HONG KONG (Reuters) - As anti-government protests simmer in Hong Kong, some demonstrators are increasingly focusing their anger on mainland Chinese in the city, hurling abuse and, in some cases, beating them.
More than one million mainland Chinese live and work in Hong Kong, according to official figures, many of them in the city’s bustling finance industry that serves as an entry point into China for global investors. Some of these mainlanders, as they are called, say they are looking to relocate while others say they dare not go out at the weekends, when the protests regularly escalate.
A video of an attack on a mainland Chinese JPMorgan banker this month has gone viral, prompting widespread outrage and further unnerving Chinese citizens. JPMorgan did not respond to a Reuters request for comment.
“It feels so depressing to live in a city where you feel the locals don’t really welcome you,” said a former investment banker surnamed Chen, a mainland-born woman who now works for a Chinese private equity company in the city.
“And there is no end in sight to the unrest ... I certainly don’t want to build my family and raise my kids in such a broken, torn-apart city,” said the woman, in her 30s, who has lived in Hong Kong for nearly 10 years but has now asked her boss if she can relocate to Beijing.
Mainlanders are sometimes identified by their surnames, but usually by their accent or their use of the Mandarin language. Cantonese is the main language spoken in Hong Kong, while Mandarin is used on the mainland.
Tensions have long existed between Hong Kong people and mainland Chinese, who many in the territory blame for pushing up property prices and clogging the former British colony’s streets and shopping malls - 51 million mainland tourists visited the city in 2018, nearly seven times its population of 7.4 million.
While many older Hong Kong residents or their parents are migrants from China, the anger is mostly aimed at those who still identify themselves as mainlanders.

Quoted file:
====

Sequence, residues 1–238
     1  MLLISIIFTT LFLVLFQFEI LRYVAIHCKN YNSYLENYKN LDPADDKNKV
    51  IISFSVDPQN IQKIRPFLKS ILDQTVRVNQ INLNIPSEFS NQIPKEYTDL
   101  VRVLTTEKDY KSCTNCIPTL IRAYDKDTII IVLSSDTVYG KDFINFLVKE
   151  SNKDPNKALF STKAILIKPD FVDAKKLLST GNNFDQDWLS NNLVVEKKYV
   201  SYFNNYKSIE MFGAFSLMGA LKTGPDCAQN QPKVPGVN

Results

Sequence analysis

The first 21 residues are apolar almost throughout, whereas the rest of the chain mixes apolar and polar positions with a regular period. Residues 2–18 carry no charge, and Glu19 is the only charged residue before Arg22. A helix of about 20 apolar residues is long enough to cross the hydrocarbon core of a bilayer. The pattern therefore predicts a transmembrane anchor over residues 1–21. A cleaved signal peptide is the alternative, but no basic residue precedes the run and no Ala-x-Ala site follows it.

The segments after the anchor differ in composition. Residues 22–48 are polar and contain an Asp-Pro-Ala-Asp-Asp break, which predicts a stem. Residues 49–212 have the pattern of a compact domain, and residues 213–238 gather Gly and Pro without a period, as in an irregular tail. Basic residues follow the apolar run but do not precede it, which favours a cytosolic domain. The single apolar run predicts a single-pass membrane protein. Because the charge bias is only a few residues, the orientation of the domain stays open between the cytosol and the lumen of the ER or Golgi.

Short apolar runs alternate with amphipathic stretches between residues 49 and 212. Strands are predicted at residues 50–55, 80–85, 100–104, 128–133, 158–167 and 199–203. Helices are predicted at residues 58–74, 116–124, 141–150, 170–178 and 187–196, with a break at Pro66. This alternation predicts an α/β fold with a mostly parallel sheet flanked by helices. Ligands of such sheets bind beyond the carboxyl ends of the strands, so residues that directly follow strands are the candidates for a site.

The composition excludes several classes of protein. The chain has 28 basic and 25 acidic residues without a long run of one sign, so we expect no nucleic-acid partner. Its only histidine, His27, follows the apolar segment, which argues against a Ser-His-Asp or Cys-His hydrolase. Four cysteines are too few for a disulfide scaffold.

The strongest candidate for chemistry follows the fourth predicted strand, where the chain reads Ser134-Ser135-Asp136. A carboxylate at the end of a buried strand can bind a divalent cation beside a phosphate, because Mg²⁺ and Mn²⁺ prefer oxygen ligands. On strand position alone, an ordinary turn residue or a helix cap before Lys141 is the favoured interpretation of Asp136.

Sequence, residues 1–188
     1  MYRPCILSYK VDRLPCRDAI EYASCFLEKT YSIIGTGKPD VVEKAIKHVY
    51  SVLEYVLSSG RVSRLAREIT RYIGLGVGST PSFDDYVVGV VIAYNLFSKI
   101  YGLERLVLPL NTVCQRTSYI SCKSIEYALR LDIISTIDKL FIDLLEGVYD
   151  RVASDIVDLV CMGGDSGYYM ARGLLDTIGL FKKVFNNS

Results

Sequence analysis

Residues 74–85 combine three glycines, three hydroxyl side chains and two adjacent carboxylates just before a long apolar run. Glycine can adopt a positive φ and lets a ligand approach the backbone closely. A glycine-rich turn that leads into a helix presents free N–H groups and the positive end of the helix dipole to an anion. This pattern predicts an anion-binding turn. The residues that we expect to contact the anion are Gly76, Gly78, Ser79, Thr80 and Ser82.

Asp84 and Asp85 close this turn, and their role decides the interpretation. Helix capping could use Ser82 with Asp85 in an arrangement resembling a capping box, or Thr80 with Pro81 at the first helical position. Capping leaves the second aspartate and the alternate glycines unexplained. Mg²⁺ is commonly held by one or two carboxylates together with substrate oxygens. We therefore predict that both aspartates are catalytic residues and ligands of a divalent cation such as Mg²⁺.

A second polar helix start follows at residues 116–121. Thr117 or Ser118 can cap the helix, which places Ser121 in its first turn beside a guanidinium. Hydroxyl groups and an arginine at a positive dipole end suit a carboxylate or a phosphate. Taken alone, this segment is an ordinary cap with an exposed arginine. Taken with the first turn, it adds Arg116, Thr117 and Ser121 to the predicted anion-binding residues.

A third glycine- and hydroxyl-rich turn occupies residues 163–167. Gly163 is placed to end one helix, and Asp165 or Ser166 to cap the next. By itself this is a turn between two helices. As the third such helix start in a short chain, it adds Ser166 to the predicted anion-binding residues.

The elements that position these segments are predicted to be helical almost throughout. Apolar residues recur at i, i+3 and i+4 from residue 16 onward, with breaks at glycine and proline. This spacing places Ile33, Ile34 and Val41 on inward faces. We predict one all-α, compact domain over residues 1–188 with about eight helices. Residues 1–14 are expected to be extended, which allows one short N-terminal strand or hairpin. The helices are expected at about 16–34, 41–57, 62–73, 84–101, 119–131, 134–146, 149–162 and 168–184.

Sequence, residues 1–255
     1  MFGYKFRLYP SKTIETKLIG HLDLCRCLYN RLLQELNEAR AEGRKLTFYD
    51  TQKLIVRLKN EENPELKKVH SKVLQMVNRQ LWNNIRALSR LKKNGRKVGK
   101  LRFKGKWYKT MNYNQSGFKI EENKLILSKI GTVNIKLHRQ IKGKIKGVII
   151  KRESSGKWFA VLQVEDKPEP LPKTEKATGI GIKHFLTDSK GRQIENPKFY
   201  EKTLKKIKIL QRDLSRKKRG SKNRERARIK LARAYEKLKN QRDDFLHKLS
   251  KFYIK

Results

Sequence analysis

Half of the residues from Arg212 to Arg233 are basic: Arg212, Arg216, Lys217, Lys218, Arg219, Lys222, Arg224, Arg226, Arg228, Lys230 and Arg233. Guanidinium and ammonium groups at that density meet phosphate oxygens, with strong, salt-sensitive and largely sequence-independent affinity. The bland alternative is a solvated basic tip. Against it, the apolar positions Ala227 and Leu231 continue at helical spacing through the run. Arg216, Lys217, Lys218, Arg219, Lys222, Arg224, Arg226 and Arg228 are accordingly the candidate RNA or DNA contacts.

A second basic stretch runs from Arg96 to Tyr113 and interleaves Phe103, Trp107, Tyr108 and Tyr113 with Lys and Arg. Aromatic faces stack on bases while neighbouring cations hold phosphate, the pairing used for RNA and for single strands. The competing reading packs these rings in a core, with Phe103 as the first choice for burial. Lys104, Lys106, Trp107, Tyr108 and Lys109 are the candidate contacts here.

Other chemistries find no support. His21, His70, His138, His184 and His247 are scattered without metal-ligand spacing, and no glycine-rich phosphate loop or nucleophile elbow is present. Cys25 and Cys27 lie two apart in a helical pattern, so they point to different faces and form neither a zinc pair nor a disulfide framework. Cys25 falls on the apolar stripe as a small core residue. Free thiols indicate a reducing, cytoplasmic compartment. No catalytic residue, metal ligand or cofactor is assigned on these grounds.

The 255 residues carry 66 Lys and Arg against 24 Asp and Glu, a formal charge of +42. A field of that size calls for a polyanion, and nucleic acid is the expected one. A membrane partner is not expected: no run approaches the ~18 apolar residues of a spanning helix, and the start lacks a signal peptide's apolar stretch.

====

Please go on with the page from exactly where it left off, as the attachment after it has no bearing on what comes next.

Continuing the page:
As protesters push back against what they see as Beijing’s growing attempts to tighten its grip over Hong Kong, a groundswell of anti-China sentiment has emerged.
Activists have taken aim at some of China’s largest banks during protests, smashing windows, spray-painting anti-China slogans on shuttered branches and trashing ATM machines.
A Chinese partner surnamed Li at a global law firm, who has been living in Hong Kong for more than 10 years, said a salesman at a shopping mall in the bustling district of Causeway Bay scared his two young children by shouting at them when they asked to buy a toy in Mandarin.
A Chinese banker at a Wall Street bank who is in his 30s and has lived in the city for about 10 years said he has several friends who are considering moving to Beijing, Shanghai or Shenzhen for their children’s education.
The banker, who like all the people interviewed by Reuters declined to be identified due to the sensitivity of the issue, said while he is getting used to the “new normal” in Hong Kong, many of his China-based clients have avoided travel to the territory since the protests escalated in June out of fear for their safety.
He, however, has no plans to leave as he believes Hong Kong is still a better place to live than China and more important in terms of his career.
Many mainland Chinese move to Hong Kong instead of returning to mainland China after studying and working overseas, mostly thanks to the city’s high degree of autonomy and wide-ranging freedoms that don’t exist on the mainland.
A senior mainland Chinese investment professional who planned to settle permanently in the city when he moved from the U.S. over a decade ago, said he is now looking for an exit as months of protest darken the city’s gloom.
“Society will be more divided, more confrontations between locals and mainlanders are expected and the city’s uniqueness and core values will be further eroded (by Beijing),” said the investor in his 50s.
“I don’t know how we can find a solution to end this crisis. I am quite pessimistic about the long-term prospects for the city.”
One senior mainland Chinese executive at a large North American insurance firm said, however, he plans to remain in the city so long as the protests do not pose a threat to his family.
He plans to offer internships to more Hong Kong youths to help address their “anger and frustrations”.
“(More internships) will be a very small contribution to help them, to help society. But that’s the right thing to do. Be the change you want to see in the city.”
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Additional reporting by Scott Murdoch; Writing by Anne Marie Roantree; Editing by Raju Gopalakrishnan
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